While ambitious, would-be thriller The Physicists leaves much to be desired. It certainly bears some hallmarks of the Stratford Festival – some fine acting and a seemingly limitless budget – but the years have not been kind to Friedrich Dürrenmatt’s 1961 script, and it winds up feeling musty.
The play begins with flashbulbs in the darkness. The police are on the scene – a resident at Les Cerisiers, a private sanatorium, has killed a nurse.
The play involves three murders, in fact, committed by three male patients believing themselves to be, respectively, Sir Isaac Newton (Graham Abbey), Albert Einstein (Mike Nadajewski) and the vessel and mouthpiece of none other than King Solomon (Geraint Wyn Davies).
The story that follows is part intrigue and part philosophical debate, peppered liberally with stale humour.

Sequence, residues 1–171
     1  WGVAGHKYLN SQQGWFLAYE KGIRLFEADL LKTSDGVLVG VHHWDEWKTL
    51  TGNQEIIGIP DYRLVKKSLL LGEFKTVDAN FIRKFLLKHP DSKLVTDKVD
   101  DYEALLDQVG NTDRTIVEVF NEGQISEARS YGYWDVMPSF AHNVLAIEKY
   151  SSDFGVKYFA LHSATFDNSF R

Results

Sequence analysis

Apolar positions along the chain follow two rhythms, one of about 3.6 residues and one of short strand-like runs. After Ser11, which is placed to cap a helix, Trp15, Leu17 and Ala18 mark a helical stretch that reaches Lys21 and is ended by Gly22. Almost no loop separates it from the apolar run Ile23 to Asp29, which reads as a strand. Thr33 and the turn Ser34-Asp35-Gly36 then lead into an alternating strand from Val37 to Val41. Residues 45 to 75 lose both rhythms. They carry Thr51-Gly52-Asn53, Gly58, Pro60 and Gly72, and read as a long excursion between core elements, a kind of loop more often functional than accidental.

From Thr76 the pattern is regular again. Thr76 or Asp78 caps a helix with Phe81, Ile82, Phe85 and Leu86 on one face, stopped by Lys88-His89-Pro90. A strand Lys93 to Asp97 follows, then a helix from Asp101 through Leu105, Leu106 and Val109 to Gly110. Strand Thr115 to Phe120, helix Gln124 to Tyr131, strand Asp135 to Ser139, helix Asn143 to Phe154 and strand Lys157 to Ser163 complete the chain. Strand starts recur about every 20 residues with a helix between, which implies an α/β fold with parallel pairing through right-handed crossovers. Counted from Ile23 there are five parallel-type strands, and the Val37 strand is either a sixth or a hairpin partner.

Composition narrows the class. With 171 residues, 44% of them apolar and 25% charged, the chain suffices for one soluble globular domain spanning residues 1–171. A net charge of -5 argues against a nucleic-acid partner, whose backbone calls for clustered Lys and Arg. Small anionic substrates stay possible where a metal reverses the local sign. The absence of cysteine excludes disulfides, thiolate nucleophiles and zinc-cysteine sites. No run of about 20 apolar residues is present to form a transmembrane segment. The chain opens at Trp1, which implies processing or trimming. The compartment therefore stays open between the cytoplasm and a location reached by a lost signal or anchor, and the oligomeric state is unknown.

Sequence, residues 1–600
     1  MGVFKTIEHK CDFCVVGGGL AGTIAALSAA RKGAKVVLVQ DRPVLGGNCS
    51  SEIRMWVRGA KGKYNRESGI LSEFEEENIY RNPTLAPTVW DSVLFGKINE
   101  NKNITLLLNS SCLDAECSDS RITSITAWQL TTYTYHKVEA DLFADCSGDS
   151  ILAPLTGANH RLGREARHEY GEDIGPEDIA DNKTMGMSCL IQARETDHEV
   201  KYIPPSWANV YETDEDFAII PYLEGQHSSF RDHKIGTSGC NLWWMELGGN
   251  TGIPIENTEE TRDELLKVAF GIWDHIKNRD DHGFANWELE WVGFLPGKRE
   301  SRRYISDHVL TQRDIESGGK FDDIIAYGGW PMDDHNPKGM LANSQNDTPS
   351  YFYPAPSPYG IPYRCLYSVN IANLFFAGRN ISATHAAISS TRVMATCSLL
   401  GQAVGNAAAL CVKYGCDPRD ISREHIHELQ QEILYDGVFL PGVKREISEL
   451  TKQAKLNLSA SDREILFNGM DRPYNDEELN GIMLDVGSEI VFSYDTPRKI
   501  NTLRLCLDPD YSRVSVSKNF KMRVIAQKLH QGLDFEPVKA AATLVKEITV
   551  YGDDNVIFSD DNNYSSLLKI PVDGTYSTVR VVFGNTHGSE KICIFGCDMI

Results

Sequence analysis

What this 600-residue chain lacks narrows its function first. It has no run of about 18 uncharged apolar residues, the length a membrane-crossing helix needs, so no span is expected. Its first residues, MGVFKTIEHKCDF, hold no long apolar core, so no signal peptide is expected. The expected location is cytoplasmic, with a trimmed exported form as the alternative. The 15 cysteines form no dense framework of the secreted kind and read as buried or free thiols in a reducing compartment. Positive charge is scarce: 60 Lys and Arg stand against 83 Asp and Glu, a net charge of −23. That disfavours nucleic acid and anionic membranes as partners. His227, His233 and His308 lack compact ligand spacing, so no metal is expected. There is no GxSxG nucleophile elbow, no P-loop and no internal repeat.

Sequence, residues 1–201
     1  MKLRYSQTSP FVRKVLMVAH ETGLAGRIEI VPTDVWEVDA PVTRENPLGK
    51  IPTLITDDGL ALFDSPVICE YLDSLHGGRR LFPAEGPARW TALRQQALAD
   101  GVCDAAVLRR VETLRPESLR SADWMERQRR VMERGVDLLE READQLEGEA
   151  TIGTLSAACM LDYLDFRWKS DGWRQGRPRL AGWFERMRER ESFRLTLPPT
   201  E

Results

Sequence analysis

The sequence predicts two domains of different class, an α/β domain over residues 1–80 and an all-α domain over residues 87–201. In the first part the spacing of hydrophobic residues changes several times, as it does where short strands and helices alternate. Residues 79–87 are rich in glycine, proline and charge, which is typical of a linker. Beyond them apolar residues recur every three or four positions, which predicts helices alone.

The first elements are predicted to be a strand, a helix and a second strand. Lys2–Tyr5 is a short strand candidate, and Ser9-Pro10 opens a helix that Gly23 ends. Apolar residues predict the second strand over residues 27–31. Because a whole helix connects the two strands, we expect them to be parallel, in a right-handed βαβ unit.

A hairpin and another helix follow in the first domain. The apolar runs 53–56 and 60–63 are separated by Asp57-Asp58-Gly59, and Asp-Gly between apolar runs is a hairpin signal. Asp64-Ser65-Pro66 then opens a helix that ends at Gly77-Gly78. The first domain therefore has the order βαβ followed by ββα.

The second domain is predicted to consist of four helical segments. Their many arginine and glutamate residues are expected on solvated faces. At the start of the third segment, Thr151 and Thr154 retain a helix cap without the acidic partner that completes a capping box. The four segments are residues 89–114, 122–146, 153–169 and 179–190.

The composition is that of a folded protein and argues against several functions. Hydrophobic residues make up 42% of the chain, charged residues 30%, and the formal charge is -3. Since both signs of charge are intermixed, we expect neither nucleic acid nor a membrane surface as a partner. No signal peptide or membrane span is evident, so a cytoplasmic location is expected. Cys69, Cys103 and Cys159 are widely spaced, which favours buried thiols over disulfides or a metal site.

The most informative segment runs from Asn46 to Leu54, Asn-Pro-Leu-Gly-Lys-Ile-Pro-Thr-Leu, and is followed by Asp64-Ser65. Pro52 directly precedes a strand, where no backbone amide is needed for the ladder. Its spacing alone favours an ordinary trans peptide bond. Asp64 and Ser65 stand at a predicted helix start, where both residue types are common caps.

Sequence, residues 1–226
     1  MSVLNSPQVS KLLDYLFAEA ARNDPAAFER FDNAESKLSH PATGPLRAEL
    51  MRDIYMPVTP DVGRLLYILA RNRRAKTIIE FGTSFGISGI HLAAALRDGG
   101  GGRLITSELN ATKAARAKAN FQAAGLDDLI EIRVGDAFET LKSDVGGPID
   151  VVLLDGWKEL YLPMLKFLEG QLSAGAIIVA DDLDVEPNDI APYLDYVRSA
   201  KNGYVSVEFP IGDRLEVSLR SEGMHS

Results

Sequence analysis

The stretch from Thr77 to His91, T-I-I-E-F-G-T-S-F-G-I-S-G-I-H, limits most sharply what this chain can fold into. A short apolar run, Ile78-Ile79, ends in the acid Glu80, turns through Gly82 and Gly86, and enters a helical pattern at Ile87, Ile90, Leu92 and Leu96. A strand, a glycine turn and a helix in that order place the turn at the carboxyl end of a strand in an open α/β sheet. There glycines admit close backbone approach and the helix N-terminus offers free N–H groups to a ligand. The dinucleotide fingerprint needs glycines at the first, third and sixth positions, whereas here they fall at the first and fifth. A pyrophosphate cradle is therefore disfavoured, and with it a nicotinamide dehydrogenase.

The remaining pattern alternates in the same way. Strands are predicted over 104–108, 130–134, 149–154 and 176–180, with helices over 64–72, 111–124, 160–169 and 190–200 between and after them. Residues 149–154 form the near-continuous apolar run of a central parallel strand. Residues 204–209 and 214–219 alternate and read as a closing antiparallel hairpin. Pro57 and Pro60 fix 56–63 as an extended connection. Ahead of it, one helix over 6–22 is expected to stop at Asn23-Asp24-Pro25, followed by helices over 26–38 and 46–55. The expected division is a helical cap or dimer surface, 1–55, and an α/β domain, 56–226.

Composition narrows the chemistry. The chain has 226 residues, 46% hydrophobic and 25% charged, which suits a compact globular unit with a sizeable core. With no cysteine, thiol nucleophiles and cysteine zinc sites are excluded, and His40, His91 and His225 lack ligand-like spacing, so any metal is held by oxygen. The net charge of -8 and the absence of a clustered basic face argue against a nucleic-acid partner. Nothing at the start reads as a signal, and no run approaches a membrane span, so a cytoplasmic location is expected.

Directed by Miles Potter, there are both high and low points, performance-wise. Davies evokes some serious pathos as the tortured but resolute Möbius, and Seana McKenna is typically excellent and provides some much-needed clarity as Fräulein Doktor Mathilde von Zahnd, the psychopathic matriarch of Les Cerisiers.
I couldn’t wait, however, to see the back of Möbius’ wailing wife, Lina Rose (Jane Spidell), whose one-note theatrics almost had me checking into a looney bin, too.
The show certainly looks good. Peter Hartwell’s set design is simple and elegant, save for a couple incongruous modern twists (a Mac laptop cord as a murder weapon is a little cute).
Written in the shadow of World War II and huge advances in nuclear technology, the play delves into some serious questions of scientific ethics that are still relevant today. Chief among them is the personal responsibility of scientists to ensure their discoveries are used toward the advancement of humankind, and not its downfall. Tar sands, anyone?
In the end, though, the food for thought just isn’t satisfying enough. The play struggles to draw breath despite the performers’ best efforts, and we are left with a muddled, if thought-provoking, satire.
The Physicists is running at The Stratford Festival until Sept. 27. For more information visit www.stratfordfestival.ca.
photo credit: David Hou